Friday, July 13, 2007, 4:34PM ET - U.S. Markets Closed.
As I've written before, the workplace is experiencing massive cultural shifts due to changes in both demographics and technology. Consequently, there are new rules for getting what you want out of work.
But some people still continue to give advice that only applies in the old, outdated office. Here are the five biggest myths about the workplace today, and new ways to think about the issues they raise:
Myth 1: Getting a promotion is good
Promotions aren't created with you in mind -- they're created with the company in mind. But you need to pick the steps that are right for you. You deserve a customized career, so be wary of all promotions.
Most people who are good at their non-management jobs won't excel as leaders. It takes a very specific personality type to do better as a leader than as someone who's actually doing the work. The irony is that people who are conscientious about getting their work done are promoted into leadership positions that don't value conscientiousness so much as being open to new ideas.
Also, the average salary increase is 4 percent. Is that going to change your life in any meaningful way? Getting a promotion is so last century. Instead, negotiate for training, mentoring, or flex time. These are all things that will really improve your life and your career.
Myth 2: Hide gaps in your work history
The most productive, organized, and excited people are those who respect ideas enough to take a break and have some. In the best cases, a gap in your résumé is evidence that you're both thoughtful and productive.
So it's not whether you have gaps that matters, but whether you talk about them well. Tell a good story about your accomplishments.
A gap is only bad if you go back into the workforce with nothing to show for it. As long as your résumé shows progress, curiosity, and increasing responsibility, you'll be fine. And it's very hard to show these things without switching things up on a regular basis.
Myth 3: Sexual harassment laws protect you
News flash: If you report sexual harassment it'll probably hurt your career. The law protects companies from getting sued for sexual harassment, and human resources professionals are trained to circle the company and protect it as soon as someone reports a problem. This isn't to blame people in HR -- there's nothing else they can do because the law dictates this behavior.
When you do report harassment, the most likely thing to happen is that you'll lose your job because of retaliation. Yes, that's illegal, but it's pretty much impossible to prove in court. But let's say you can sue and win: You'll get a settlement that's too small to allow you to retire, you'll be virtually unemployable in your field and career, and your harasser will probably do the same thing to your replacement.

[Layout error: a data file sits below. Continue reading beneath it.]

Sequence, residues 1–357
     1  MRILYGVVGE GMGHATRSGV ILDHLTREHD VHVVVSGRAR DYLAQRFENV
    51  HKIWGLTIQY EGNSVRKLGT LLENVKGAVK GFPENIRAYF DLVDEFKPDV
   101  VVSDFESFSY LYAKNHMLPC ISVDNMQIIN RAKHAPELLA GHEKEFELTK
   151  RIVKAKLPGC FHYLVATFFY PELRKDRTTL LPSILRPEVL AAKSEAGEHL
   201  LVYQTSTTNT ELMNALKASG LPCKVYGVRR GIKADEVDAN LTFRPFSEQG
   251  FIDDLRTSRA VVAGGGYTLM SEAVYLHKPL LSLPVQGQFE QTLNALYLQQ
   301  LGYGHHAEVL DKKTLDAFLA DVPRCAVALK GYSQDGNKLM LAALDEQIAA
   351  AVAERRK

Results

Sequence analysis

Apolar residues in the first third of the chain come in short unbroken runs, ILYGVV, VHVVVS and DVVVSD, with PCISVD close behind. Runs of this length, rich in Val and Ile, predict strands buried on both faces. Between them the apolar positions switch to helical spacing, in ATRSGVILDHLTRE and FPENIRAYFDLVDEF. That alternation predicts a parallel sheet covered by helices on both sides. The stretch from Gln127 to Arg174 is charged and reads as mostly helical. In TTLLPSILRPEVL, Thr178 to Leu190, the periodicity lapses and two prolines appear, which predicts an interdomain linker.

Before you accuse me of being indifferent to social justice, please know that I'm not saying this is OK. I'm saying that unless you're independently wealthy, you can't afford to single-handedly face down the injustice of sexual harassment laws. So unless you're in physical danger, figure out how to make the best of a bad situation and move away from the harasser if possible.
Myth 4: Your first job out of college matters a lot
Don't place too much importance on your first job -- you'll have many more. Most people have 8 jobs before they turn 30, and that's fine. It's nearly impossible to know what career will be a good fit for you until you start trying things.
So give yourself the latitude to try a lot. And don't get hung up on a big soul search -- you don't need to know the meaning of life to land a great job, just the meaning of hard work.
Entry-level jobs typically can't cover the cost of rent, college loan payments, and insurance premiums, all of which are rising faster than wages, so moving back into your parent's house is a smart step toward finding a career that's right for you.
If you don't have to worry about paying rent, you have more flexibility to take a job that feels right but pays very poorly. The rise of the prestigious but unpaid internship intersects perfectly with trend to move back home.
Myth 5: You'll be rewarded if you do a good job
You'll actually be rewarded only if you're likable. So spend your days trying to figure out what people need and what people want, and how you can help them. Empathy makes you likable.
The people who don't want to have to deal with kindness will complain. But for most of us, it's big relief to know that the workplace of the new millennium demands more kindness and respect than ever before.
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